Submitted manuscripts should not have been published previously, nor be under consideration for publication elsewhere (except conference proceedings papers). All manuscripts are thoroughly refereed through a single-blind peer-review process. A guide for authors and other relevant information for submission of manuscripts is available on the Instructions for Authors page. ISPRS International Journal of Geo-Information is an international peer-reviewed open access monthly journal published by MDPI.

Please visit the Instructions for Authors page before submitting a manuscript. The Article Processing Charge (APC) for publication in this open access journal is 1000 CHF (Swiss Francs). Submitted papers should be well formatted and use good English. Authors may use MDPI's English editing service prior to publication or during author revisions.

Keywords

  • Location-based social networks
  • Real time data exploration
  • Data mining
  • Data fusion
  • Scalable frameworks
  • Unstructured data
  • Artificial intelligence and machine learning
  • Spatio-temporal analytics
  • Semantic analysis
  • User behavior analysis

Published Papers (3 papers)

Order results
Result details
Select all
Export citation of selected articles as:

Research

Open AccessArticle
An Overview of Social Media Apps and their Potential Role in Geospatial Research
ISPRS Int. J. Geo-Inf. 2020, 9(9), 526; https://doi.org/10.3390/ijgi9090526 - 01 Sep 2020
Abstract
Social media apps provide analysts with a wide range of data to study behavioral aspects of our everyday lives and to answer societal questions. Although social media data analysis is booming, only a handful of prominent social media apps, such as Twitter, Foursquare/Swarm, [...] Read more.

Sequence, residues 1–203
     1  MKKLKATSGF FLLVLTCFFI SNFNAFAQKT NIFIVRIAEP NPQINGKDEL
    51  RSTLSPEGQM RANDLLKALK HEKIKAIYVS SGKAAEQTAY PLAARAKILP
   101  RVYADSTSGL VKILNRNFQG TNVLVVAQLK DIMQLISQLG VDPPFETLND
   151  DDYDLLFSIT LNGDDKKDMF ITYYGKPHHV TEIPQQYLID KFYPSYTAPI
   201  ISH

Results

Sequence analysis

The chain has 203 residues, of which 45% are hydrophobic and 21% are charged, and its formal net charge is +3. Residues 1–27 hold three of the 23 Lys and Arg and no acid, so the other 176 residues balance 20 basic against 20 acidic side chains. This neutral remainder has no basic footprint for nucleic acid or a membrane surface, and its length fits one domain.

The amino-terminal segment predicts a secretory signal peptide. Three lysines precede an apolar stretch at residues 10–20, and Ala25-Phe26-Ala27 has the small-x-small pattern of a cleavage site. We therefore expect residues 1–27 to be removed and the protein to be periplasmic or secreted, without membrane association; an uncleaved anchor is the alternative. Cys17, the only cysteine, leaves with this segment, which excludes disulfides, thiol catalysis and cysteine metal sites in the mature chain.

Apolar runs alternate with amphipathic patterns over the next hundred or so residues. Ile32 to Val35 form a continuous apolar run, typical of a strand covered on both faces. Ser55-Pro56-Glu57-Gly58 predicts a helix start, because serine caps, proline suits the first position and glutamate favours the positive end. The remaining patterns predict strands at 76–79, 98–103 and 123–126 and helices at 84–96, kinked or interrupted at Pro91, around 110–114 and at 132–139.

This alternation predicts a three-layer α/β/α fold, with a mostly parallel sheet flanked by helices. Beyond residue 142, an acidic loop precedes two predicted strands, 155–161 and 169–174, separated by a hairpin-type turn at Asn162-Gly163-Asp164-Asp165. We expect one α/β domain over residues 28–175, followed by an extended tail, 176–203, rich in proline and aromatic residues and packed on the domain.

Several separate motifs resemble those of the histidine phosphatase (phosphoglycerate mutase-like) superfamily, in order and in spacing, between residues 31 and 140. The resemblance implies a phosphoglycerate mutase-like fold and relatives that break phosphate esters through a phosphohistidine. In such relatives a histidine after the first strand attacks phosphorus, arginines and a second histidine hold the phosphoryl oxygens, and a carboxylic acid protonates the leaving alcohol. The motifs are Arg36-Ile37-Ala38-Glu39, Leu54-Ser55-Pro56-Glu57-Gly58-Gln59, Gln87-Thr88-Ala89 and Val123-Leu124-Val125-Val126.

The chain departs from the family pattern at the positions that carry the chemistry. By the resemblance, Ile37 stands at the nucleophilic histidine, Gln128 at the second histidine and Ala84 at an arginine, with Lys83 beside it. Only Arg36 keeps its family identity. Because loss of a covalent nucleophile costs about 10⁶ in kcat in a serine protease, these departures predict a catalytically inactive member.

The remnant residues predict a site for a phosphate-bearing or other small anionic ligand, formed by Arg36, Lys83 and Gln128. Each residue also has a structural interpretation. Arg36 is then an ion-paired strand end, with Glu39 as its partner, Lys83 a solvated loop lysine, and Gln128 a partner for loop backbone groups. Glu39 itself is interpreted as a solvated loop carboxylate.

Social media apps provide analysts with a wide range of data to study behavioral aspects of our everyday lives and to answer societal questions. Although social media data analysis is booming, only a handful of prominent social media apps, such as Twitter, Foursquare/Swarm, Facebook, or LinkedIn are typically used for this purpose. However, there is a large selection of less known social media apps that go unnoticed in the scientific community. This paper reviews 110 social media apps and assesses their potential usability in geospatial research through providing metrics on selected characteristics. About half of the apps (57 out of 110) offer an Application Programming Interface (API) for data access, where rate limits, fee models, and type of spatial data available for download vary strongly between the different apps. To determine the current role and relevance of social media platforms that offer an API in academic research, a search for scientific papers on Google Scholar, the Association for Computing Machinery (ACM) Digital Library, and the Science Core Collection of the Web of Science (WoS) is conducted. This search revealed that Google Scholar returns the highest number of documents (Mean = 183,512) compared to ACM (Mean = 1895) and WoS (Mean = 1495), and that data and usage patterns from prominent social media apps are more frequently analyzed in research studies than those of less known apps. The WoS citation database was also used to generate lists of themes covered in academic publications that analyze the 57 social media platforms that offer an API. Results show that among these 57 platforms, for 26 apps at least some papers evolve around a geospatial discipline, such as Geography, Remote Sensing, Transportation, or Urban Planning. This analysis, therefore, connects apps with commonly used research themes, and together with tabulated API characteristics can help researchers to identify potentially suitable social media apps for their research. Word clouds generated from titles and abstracts of papers associated with the 57 platforms, grouped into seven thematic categories, show further refinement of topics addressed in the analysis of social media platforms. Considering various evaluation criteria, such as provision of geospatial data or the number (i.e., absence) of currently published research papers in connection with a social media platform, the study concludes that among the numerous social media apps available today, 17 less known apps deserve closer examination since they might be used to investigate previously underexplored research topics. It is hoped that this study can serve as a reference for the analysis of the social media landscape in the future. Full article